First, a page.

The iconic voice of the P.A. announcer at Tennessee home football games was silenced when Bobby Denton passed away at 73 in April of this year. Bobby was a 1959 graduate of East High, and a broadcasting legend in Knoxville.
As I read the articles written in numerous newspapers and posted on-line I was drawn back to some palpable memories of times Bobby, Don Whedbee and I played together in the early fifties. As I looked at the pictures, most taken in the years after he began his broadcasting career, and read about the genesis of his career I realized two things.
First, there are some pictures that few if any have seen of Bobby. One of them is at the top of this story. Others follow.
Secondly, I believe I can shed significant light on the reporting of how his career actually began. I believe that only his sisters; Carolyn, Charlotte and Toni, his mother, Don Whedbee (EHS 1958) and I know the real story. Bobby lived in a duplex in the middle of the twenty five hundred block of East Fifth Avenue. In the early 1950’s Bobby, Don and I played together almost every day. Football in the 5th Avenue Baptist Church yard, basketball in my backyard on Cherry Street…on a dirt court…baseball at Chilhowee Park and even fishing in the lake at the park filled many days during those growing up years.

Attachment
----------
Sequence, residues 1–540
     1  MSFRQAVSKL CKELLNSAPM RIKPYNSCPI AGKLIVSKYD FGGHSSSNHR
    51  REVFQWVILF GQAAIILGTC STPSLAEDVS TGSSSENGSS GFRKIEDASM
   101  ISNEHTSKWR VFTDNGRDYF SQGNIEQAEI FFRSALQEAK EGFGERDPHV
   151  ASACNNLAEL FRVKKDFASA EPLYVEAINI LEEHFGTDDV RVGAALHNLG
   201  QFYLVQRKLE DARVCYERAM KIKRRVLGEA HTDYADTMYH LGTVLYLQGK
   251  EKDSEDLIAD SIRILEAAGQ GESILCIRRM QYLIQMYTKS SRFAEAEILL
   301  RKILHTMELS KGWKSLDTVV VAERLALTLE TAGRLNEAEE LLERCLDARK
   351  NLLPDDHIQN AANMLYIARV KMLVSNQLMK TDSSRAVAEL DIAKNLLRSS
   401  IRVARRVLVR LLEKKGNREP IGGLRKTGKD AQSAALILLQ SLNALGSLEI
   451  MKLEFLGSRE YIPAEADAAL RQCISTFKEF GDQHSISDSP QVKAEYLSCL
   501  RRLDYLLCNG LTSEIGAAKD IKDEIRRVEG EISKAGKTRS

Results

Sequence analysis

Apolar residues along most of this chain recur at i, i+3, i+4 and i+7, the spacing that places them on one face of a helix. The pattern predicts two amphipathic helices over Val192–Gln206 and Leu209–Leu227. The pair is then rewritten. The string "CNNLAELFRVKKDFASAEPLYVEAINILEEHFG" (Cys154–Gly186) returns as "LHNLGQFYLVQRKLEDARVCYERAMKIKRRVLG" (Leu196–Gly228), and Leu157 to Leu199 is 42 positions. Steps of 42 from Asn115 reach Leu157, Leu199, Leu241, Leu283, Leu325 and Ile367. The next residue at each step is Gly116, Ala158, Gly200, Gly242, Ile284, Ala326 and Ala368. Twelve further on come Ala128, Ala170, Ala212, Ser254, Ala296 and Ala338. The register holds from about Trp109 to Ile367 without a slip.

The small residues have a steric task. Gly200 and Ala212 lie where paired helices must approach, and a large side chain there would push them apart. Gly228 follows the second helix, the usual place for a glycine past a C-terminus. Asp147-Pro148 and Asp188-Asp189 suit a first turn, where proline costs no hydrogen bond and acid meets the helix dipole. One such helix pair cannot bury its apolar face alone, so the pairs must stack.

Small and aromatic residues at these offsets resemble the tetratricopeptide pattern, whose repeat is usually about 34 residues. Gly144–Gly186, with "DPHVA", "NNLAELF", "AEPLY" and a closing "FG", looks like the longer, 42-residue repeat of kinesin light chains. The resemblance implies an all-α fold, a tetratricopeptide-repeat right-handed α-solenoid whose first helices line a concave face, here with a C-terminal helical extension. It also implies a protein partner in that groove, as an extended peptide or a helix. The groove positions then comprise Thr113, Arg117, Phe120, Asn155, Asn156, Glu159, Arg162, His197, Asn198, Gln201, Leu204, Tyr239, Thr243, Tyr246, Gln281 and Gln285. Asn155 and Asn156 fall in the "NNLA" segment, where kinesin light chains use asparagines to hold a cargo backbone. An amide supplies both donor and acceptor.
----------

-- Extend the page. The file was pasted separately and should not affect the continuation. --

Bobby’s bedroom was on the second floor of his home. One day as we knocked on the Denton’s door for another day’s play, his mother, a kind and gracious lady, told Don and me to “go on up, Bobby is in his room.” We found Bobby sitting on the floor, behind the door of his room, announcing a fictitious baseball game that was playing in his mind. So as I read the story of his initial announcing gig at the raceway in Maryville I realized, that the story was minimally incomplete and really just flat wrong. He may not have had a big audience, or gotten paid, but his true broadcast career beginning was in 1951-52, not in Maryville in 1957.
As Paul Harvey famously said, “Now you know the rest of the story.”
Most of the people in the attached pictures are identified. Most attended high schools in Knoxville and some attended Tennessee.